Operation Up Your Shaft

Part 2 of 2

in which we filled the elevator of the administrative building with weighted black balloons

But the spirit of Stealth Force Beta Operatives cannot be quelled when a mission is at stake (especially when the alternative is to fester overnight in a cramped greasy pit). Climber and Ratchet activated their flashlights and surveyed the situation. The mission's only hope lay in the 6-inch gap between the elevator car and the cinder block wall of the elevator shaft.

Operative Ratchet's construction was too substantial to pass through the crevice, but Climber's thin physique enabled him to just barely fit into the space.  Recall that unfinished cinder block is considerably rougher than most brick walls, and that hard scratchy mortar oozes between the blocks forming additional abrasive impediment. Climber was daunted, but had no alternative to squeezing through twelve feet of confinement.  In his ascent, Climber ripped many holes in his jeans, some in his shirt, and a few in his skin.  He ended up thoroughly coated in black grease with highlights of crimson blood. While compressed between the elevator car and the bare cinder block wall of the elevator shaft, it was  apparent that should the elevator car move, Climber's fate would resemble a wad of chewing gum scraped along a sidewalk. To prevent such movement, Ratchet kept his hand on the emergency stop button.

Finally, after 15 minutes of grueling effort, Climber finished his gruesome hardscrabble ascent to the upper surface of the elevator car. After calling down to Ratchet, he activated the handy light and used the controls to raise the elevator to the first floor. With the elevator car no longer blocking the exit, Ratchet tripped the door catch and escaped from the greasepit into the civilized empty hallway of the basement. Then he joined Climber atop the elevator, and the original plan was restored.

A few hours later, it was midnight and time for the rest of us to get involved. I had the first lookout shift, so while the others snuck into the building, I lurked in the parking lot in my pickup truck, equipped with a headset radio to signal those inside when a police patrol came by.  Things were quiet on the Beta radio channel that night; everyone seemed quite busy, and I turned on my truck radio to pass my time of idle vigilance.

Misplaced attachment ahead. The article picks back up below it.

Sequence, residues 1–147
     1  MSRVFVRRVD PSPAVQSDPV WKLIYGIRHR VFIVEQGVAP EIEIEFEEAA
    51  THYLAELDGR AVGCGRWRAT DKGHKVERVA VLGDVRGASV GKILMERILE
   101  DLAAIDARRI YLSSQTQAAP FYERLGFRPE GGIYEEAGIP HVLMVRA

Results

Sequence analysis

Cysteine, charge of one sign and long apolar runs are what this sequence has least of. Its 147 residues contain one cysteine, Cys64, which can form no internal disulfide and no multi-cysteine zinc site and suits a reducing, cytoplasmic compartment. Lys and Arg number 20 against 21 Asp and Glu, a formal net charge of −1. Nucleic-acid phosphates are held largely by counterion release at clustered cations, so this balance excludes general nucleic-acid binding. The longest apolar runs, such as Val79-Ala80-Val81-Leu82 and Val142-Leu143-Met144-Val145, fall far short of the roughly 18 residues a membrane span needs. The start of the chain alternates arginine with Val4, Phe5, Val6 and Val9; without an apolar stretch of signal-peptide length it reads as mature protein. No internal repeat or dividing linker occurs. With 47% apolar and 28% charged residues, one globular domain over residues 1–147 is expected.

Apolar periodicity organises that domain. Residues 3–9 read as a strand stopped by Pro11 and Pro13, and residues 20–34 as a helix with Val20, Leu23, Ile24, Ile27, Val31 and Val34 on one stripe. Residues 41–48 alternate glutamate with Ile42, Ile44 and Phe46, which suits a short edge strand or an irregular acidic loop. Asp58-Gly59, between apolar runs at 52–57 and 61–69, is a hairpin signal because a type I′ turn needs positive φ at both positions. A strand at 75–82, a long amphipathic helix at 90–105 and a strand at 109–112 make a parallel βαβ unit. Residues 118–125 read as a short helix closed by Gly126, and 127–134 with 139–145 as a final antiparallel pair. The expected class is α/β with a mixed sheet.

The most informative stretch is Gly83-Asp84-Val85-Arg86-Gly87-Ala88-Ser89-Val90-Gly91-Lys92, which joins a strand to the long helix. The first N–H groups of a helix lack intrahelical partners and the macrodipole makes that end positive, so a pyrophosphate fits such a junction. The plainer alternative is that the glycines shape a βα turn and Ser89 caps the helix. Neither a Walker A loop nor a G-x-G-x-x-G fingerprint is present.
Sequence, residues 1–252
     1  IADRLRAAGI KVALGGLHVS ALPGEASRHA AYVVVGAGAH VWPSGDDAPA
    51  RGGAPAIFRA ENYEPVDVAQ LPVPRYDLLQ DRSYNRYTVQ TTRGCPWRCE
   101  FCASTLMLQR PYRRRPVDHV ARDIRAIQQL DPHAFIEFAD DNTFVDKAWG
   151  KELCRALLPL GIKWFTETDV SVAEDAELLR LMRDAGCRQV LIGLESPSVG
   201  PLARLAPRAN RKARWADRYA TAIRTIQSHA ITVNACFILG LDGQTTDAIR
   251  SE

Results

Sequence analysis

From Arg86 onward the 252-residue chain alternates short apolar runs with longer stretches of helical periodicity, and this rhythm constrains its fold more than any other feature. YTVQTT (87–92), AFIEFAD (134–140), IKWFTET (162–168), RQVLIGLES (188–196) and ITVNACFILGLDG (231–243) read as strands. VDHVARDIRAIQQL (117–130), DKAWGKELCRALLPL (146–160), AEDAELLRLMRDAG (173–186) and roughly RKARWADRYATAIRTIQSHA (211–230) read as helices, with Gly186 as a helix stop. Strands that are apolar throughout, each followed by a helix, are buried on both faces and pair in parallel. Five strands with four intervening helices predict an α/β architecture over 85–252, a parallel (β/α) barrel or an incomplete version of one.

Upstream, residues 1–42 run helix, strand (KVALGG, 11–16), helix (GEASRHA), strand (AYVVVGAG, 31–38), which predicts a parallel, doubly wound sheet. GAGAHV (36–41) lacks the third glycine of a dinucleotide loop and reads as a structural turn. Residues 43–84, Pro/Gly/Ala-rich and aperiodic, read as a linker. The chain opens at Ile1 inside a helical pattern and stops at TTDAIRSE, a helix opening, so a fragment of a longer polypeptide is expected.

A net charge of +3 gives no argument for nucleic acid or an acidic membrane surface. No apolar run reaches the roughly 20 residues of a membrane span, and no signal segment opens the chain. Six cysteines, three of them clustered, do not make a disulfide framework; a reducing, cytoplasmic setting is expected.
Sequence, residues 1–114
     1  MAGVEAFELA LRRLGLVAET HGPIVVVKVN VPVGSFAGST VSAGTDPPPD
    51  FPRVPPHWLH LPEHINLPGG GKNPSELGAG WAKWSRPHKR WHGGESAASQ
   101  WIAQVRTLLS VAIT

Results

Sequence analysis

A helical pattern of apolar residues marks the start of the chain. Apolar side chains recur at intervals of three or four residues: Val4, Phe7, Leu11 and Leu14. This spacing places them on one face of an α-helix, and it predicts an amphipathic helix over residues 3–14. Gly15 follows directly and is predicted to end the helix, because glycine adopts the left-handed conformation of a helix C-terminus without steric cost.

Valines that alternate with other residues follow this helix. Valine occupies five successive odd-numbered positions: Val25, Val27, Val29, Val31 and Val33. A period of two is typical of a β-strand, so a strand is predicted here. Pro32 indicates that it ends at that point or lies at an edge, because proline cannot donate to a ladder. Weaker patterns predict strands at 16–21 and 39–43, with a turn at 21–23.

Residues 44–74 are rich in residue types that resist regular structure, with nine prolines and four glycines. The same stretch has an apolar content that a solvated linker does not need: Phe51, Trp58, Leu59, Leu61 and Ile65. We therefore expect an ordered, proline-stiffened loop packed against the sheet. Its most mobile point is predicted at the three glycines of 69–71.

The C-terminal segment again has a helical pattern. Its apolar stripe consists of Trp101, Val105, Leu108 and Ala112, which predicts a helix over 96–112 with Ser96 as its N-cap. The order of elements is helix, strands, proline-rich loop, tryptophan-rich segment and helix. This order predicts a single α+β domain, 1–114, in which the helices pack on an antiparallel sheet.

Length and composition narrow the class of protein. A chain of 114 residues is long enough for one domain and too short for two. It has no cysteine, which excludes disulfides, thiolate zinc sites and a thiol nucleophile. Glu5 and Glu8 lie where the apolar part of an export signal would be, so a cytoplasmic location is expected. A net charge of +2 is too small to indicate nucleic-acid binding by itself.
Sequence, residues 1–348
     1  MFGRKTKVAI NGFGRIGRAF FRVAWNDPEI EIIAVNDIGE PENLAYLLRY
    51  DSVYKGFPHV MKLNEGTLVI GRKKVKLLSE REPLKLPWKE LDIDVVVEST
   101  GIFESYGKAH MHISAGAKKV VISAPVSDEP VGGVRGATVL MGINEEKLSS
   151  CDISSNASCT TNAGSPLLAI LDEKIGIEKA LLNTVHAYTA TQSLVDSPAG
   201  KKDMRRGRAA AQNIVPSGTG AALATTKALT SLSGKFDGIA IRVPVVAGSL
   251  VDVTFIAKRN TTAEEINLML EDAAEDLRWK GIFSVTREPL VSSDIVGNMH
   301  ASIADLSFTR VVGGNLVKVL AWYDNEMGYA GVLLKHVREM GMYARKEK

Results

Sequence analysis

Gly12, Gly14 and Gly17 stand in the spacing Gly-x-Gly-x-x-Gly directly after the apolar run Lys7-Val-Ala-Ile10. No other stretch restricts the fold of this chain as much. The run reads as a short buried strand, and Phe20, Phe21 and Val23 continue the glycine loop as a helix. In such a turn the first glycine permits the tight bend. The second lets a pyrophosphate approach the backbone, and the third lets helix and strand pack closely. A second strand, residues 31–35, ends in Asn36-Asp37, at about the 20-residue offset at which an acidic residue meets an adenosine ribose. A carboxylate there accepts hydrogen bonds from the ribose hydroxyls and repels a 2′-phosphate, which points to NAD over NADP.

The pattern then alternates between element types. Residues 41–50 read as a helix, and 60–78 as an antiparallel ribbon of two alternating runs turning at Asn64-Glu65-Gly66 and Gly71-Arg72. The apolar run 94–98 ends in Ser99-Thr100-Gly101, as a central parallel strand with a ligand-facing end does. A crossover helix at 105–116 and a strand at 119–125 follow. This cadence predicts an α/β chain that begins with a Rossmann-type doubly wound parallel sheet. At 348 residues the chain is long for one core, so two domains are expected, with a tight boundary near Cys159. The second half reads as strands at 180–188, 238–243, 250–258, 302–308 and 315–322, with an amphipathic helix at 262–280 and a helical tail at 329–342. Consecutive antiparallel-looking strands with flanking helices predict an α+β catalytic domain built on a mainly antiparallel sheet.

Finally I received the signal to relieve Ratchet on his duty shift; he was the new lookout. As I approached the building, I saw a grimy Ratchet exiting, staggering and short of breath. Oblivious to their intimate experience with the grease pit, I asked, “What happened to you?” “Someday, someone is going to kill you,” the Southern Baptist replied and smiled, “You'll find out more inside.”

During the operation
Operatives Sushi, Climber, and Ratchet filling the elevator car.  Note the cleanliness of the vicinity.
After ascending the stairs two at a time, I arrived at the heart of the operation at the second-floor entrance to the elevator shaft. The elevator remained on the first floor where Climber had brought it, and its power had been cut at the top control so there would be no surprises.  Climber, a melange of shredded jeans, grease, and clotted wounds, looked like he had been run over by a bus. "Great Scott! Did you fall down the shaft?" Climber grunted, handed me a fistful of black balloons, and staggered into the hallway. He leaned against the wall, short of breath, and told me how I had brought the ceiling down upon them. While I listened, I filled balloons. First, we put a handful of pebbles into each balloon to provide weight so the balloons would flow outward when the elevator doors opened. We didn't want them to sit there like a bunch of balloons. Then we applied several lungfulls of air, tied the stem, and dropped the completed unit into the open roof hatch.  My first five or six balloons went without difficulty, but I soon discovered why everyone was so short of breath. Filling dozens of balloons is enough to make one woozy. This was an operational bottleneck we had not planned for.  The limiting factor in our progress was maintaining consciousness.  The hours passed wearily.  We were unable to fill all our balloons by 5am, our failsafe quitting time before the sun rose. We had the elevator about three-quarters full of 250 balloons, and packed up. At 5:30, we declared the mission complete, closed the hatch, and re-activated the elevator power.

A terrible thing happened. When Climber had lifted the elevator out of the basement, he had used the controls on top of the car, not the civilian push-buttons inside the elevator. Climber hadn't brought the elevator precisely to the ground level--it was a few inches off. Recognizing this misalignment, the elevator initialized itself when turned on. It shuddered, gathered its bearings by moving down a few inches to align itself with the ground level, and to demonstrate that it was now ready for business, it opened its doors.